Having wasted years on the project, and in desperate need of money, Randazzo conceded to a new path. He agreed to help a friend in Washington win a congressional race. He then worked similar magic for another candidate the next year. “Within a year, I was named Democrat of the Year by the Washington State Democrats,” said Randazzo, who currently fights alongside Washington’s Native American tribes, lobbying an effort to radically shape the state’s environmental policies. “I now make six figures a year, without having to attend law school,” he said, “and all because Johnny destroyed my publishing career.”

On his deathbed in 2015, as Johnny Fratto Sr. faded away from cancer, he let his son convince him to finally allow the book’s publication. “His dad gave him the go-ahead and we bought the rights back from Harper Collins,” said Randazzo, “and that’s how we finally got the book out after all these years.” In October 2017, the Isaac Olivia Company released Now that I’m Dead, Here’s the Real Dirt: the Posthumous Memoirs of Johnny Fratto.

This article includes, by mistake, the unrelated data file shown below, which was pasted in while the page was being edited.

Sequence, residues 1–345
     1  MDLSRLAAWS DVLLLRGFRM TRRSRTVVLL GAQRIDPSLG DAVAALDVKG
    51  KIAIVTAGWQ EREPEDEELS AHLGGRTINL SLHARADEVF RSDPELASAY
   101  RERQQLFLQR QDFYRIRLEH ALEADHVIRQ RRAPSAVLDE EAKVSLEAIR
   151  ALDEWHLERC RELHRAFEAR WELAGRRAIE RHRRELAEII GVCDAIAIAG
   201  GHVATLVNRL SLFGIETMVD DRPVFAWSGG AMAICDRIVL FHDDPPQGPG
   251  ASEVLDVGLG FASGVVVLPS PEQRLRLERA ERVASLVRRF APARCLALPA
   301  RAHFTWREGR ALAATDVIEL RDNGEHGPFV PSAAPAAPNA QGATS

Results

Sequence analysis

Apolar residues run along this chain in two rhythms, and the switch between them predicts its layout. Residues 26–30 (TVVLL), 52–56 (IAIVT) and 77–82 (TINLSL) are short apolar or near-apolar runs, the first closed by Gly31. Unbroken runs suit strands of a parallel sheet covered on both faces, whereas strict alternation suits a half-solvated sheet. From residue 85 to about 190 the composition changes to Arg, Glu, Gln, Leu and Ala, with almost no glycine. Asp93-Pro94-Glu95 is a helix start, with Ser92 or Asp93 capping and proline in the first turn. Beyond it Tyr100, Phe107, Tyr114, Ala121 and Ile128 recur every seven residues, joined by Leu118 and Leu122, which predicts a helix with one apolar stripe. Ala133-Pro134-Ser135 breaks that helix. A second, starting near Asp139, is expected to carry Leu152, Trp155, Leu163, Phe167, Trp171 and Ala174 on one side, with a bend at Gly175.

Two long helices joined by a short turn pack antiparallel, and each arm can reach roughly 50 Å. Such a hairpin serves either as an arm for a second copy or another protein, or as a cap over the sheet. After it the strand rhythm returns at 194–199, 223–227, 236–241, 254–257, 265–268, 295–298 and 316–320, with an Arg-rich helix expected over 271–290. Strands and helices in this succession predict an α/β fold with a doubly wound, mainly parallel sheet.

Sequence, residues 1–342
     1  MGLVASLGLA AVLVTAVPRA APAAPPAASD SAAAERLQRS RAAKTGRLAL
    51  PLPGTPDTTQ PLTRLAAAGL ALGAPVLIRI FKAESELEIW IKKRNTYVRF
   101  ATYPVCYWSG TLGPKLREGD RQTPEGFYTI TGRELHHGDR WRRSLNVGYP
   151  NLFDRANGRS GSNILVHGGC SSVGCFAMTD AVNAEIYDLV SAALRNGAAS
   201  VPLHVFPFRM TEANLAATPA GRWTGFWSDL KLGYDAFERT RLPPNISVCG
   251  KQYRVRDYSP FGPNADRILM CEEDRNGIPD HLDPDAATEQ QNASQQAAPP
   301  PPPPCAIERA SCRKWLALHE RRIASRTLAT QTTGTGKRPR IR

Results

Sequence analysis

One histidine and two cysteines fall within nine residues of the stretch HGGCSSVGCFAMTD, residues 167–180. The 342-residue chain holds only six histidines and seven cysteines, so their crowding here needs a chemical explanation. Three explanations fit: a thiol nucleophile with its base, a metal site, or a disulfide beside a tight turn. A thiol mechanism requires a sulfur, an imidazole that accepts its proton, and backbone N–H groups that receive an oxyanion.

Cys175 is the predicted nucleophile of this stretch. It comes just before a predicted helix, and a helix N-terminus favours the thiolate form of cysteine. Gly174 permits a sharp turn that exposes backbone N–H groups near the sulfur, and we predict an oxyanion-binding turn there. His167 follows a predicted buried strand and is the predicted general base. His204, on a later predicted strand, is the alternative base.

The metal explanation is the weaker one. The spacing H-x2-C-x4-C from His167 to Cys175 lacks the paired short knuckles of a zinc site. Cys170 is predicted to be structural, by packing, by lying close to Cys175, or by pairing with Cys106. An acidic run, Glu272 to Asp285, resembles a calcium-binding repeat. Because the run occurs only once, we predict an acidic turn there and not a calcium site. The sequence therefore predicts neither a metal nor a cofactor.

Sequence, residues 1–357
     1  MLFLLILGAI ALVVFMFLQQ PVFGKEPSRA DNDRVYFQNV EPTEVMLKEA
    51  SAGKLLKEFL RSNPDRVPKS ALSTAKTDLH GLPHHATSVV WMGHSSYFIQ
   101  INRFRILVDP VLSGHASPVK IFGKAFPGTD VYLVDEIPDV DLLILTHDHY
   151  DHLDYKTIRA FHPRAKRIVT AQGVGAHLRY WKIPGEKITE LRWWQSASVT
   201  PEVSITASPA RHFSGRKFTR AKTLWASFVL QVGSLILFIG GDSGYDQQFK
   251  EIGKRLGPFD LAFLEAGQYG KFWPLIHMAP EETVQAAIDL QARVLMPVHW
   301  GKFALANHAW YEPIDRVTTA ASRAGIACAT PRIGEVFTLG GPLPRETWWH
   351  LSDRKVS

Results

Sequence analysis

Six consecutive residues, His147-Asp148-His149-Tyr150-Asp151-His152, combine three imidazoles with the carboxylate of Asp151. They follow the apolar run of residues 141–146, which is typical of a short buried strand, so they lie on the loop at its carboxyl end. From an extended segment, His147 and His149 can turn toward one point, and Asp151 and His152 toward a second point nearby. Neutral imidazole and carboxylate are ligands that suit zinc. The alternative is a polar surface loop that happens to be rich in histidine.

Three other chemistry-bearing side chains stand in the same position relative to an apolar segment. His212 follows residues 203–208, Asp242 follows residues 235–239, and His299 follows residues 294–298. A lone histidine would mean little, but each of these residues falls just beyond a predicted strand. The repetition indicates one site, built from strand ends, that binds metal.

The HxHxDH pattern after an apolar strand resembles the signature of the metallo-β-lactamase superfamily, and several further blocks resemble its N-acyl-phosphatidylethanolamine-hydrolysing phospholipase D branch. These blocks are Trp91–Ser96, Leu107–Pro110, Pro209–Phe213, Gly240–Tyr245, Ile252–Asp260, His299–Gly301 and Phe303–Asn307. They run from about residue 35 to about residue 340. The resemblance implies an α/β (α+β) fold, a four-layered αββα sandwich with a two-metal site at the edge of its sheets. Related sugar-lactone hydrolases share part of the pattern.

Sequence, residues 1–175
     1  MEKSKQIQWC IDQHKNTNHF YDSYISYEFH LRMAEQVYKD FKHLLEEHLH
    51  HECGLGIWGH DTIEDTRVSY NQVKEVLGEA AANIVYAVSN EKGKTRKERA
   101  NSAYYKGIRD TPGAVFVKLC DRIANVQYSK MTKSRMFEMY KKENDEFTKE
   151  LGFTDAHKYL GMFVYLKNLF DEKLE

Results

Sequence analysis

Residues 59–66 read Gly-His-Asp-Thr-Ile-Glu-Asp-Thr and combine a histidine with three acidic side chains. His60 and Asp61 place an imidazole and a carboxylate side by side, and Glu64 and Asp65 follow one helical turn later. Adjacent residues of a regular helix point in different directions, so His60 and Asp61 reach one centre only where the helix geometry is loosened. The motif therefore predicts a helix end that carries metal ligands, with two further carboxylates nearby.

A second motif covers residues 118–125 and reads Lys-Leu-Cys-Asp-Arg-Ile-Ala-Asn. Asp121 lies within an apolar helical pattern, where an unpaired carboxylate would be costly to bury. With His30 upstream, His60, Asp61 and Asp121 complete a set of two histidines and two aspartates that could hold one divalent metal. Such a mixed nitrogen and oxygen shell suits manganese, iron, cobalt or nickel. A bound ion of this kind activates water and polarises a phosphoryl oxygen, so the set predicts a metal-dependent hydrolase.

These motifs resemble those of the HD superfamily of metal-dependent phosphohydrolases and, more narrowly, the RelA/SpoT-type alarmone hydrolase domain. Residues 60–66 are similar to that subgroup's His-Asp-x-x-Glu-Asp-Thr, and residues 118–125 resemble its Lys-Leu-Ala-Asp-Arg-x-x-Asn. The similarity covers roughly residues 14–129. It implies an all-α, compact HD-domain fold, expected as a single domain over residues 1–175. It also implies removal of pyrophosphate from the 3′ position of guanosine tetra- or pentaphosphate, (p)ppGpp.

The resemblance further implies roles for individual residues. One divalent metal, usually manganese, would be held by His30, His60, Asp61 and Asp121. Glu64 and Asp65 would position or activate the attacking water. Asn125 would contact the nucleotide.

Kenji Gallo now runs the Christian motivational blog, BetterLivedLives.com, while Randazzo currently works on a TV adaptation of Mr. New Orleans alongside Lee Shipman, creator of AMC’s “The Son,” and the Netflix show “Hemlock Grove.” Five years after the release of Mr. New Orleans, Frenchy was stabbed to death in his home. “The book made him a local curiosity,” Randazzo said. “Tourists and people used to call asking me to get Frenchy to go drinking with them. And the notoriety ended up attracting someone who later admitted to stabbing Frenchy in the back three times.”

If Randazzo were to write another book, he said, “I’d like to write one about how being a mafia historian has allowed me to be successful in politics. As a professional negotiator for major public policy, everything I do now comes down to my ability to talk to people, establish rapport, define leverage, identify body language and try to position myself for the best possible deal. Same with writing [those gangster biographies]; when you’re dealing with eccentric personalities, people with tendencies toward power plays and sadism and violence and reckless gambling with lives, then it’s not the same sort of negotiation process.

“You’re often playing on their desire to be known, and to be heard, and to be understood,” Randazzo sounded guilty admitting, almost as if he detected dark undertones in his own methods. “It’s just not any kind of normal relationship.”